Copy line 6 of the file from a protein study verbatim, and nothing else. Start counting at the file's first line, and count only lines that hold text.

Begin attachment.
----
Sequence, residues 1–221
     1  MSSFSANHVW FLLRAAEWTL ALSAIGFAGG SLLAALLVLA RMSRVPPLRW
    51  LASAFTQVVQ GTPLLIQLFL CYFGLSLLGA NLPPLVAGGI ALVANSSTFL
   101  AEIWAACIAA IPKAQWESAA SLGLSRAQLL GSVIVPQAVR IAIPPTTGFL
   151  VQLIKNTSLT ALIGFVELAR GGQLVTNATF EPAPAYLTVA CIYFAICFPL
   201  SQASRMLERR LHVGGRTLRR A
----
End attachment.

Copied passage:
   201  SQASRMLERR LHVGGRTLRR A